Distance to the Moon

Lunar nearside, major maria and craters are labeled. Credit: Peter Freiman, Cmglee, and background photograph by Gregory H. Revera.

This laboratory is an activity for you to determine a distance to the Moon.

Some suggested entities to consider are right ascension, declination, circular orbit, longitude, and latitude.

Evaluation

evaluation activity

Okay, this is an astronomy distance, or displacement, laboratory.

Yes, this laboratory is structured.

I will provide an example of calculations of the distance to the Moon. The rest is up to you.

Questions, if any, are best placed on the discussion page.

Control groups

Main source: Control groups

For measuring a distance to the Moon, what would make an acceptable control group? Think about a control group to compare your experimental results and calculations to.

Sampling

This is a Landsat image of the Barringer Meteor Crater from space. Credit: National Map Seamless Server, NASA Earth Observatory.

One way to calculate an estimate for the distance to the Moon is to use a feature that occurs both on Earth and on the Moon. Subject to size and magnification, the distance should be a function of perceived size. The diameter of the Meteor Crater in the image is 35 mm. For an observer at the level of the crater, it is 1,186 km in diameter. The angle between the observer's path vertically decreases from 90° as the distance of the observer from the crater rim increases from 593 km for an observer starting level with the crater rim at the center.

Landsat 1 has a periapsis of 897 km and an apoapsis of 917 km, for an average of 907 km. If the Barringer Meteor Crater was photographed by Landsat 1 at a magnification of 1 it produced a 35 mm diameter image at 907 km. This suggests a photographic "shrink factor" equal to the actual diameter in mm divided by 35 mm or 3.39 x 107. As the perceived size shrinks with distance from the crater, the "shrink factor" should remain constant until the camera onboard can no longer image the crater (spatial resolutions ranging from 15 to 60 meters).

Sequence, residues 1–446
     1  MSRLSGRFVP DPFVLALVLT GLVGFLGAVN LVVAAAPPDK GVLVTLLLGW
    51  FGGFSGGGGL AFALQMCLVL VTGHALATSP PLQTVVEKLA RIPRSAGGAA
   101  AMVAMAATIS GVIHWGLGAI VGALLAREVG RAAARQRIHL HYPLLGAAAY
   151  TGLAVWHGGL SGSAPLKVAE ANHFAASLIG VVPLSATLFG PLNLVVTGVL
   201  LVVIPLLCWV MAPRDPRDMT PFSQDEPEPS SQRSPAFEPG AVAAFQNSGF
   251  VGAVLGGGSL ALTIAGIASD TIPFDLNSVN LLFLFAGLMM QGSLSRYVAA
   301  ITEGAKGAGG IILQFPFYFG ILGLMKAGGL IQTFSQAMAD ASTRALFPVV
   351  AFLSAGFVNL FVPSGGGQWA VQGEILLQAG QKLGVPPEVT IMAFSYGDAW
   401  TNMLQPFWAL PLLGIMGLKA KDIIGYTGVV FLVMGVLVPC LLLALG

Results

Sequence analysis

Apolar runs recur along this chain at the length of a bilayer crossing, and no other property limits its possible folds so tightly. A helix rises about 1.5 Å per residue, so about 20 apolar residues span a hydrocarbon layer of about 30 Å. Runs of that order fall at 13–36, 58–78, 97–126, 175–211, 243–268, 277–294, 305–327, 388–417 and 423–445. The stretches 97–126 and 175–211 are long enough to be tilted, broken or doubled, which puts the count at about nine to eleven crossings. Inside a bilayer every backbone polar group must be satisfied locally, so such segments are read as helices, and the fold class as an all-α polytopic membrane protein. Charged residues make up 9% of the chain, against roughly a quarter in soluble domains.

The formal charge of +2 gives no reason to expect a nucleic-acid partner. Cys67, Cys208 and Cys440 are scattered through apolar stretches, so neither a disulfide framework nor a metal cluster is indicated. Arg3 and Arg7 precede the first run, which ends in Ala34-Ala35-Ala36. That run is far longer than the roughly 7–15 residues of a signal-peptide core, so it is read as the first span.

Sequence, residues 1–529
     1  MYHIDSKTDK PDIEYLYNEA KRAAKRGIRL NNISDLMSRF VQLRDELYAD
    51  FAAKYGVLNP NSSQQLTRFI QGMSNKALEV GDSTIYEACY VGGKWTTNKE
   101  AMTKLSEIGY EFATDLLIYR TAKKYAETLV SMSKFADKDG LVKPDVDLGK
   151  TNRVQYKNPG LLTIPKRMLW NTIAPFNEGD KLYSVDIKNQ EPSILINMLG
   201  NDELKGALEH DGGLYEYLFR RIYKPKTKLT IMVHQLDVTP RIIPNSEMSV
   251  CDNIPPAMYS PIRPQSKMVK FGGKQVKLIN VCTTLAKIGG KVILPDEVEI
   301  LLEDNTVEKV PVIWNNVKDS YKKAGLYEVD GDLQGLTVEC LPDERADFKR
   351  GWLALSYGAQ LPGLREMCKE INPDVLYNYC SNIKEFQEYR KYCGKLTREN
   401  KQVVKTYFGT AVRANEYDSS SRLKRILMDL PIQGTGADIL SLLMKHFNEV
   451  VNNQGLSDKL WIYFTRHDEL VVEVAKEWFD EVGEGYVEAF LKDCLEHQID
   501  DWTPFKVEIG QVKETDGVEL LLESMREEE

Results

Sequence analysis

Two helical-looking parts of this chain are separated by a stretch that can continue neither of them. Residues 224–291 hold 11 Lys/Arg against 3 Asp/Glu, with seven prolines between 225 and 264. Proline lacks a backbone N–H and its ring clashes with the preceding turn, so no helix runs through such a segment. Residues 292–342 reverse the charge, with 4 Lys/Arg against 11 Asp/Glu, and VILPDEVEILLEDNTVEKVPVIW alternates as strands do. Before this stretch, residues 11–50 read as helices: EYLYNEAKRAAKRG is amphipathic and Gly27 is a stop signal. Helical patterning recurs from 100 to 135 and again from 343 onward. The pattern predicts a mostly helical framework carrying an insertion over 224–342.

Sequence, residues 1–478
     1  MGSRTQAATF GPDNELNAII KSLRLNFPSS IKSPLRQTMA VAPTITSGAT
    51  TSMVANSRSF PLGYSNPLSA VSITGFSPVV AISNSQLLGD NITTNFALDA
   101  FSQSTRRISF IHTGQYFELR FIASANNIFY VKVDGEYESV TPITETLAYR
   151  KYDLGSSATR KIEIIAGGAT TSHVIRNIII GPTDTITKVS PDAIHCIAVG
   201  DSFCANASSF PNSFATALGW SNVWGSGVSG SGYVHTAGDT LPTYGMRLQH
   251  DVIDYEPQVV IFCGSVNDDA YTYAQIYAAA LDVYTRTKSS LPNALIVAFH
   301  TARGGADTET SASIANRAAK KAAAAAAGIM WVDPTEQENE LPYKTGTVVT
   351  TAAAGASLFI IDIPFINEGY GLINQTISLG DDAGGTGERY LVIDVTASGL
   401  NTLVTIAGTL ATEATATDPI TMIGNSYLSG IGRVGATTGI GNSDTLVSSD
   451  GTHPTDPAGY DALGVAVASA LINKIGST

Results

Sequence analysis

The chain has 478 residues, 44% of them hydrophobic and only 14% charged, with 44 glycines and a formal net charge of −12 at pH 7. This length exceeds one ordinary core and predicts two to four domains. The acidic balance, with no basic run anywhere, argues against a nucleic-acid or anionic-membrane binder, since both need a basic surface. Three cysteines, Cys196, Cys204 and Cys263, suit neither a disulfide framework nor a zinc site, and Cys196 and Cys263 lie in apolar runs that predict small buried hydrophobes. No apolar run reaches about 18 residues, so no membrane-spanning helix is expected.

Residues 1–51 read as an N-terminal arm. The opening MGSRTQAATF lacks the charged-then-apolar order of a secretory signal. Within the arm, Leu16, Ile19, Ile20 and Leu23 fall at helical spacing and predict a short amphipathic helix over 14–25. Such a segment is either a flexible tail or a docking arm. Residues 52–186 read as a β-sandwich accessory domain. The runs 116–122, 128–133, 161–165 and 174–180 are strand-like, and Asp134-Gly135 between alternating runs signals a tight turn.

For the Meteor Crater image:

${\displaystyle 35mm={\frac {1186km}{3.39\times 10^{7}}}\times {\frac {907km}{distance}}.}$

For example, if the size of a crater in the image at the top of the page is 1 mm and the image was taken by the same Landsat 1 camera, then the distance to the crater is approximately 35 times the distance of Landsat 1 above the Meteor Crater or 31,745 km.

If there are 9 pixels/mm, then a comparable crater of one pixel diameter corresponds to a distance of 285,705 km. For a Moon at an average distance of 384,000 km, there would need to be at least 12 pixels per mm.

"A lunar observation by Landsat could provide improved radiometric and geometric calibration of both the Thematic Mapper and the Multispectral Scanner in terms of absolute radiometry, determination of the modulation transfer function, and sensitivity to scattered light. A pitch of the spacecraft would be required."[1]

Therefore, Landsat can take an image of the Moon. If its minimal image size corresponds to a crater comparable to the Meteor Crater, then such a Landsat image would yield a value for the distance to the Moon.

Title

by line

Abstract

Introduction

Experiment

Results

Discussion

Conclusion

Evaluation

To assess your calculations, including your justification, analysis and discussion, I will provide such an assessment of my example for comparison.

Evaluation

Hypotheses

Main source: Hypotheses
1. The width of a feature decreases perceptively the further away vertically the observer travels.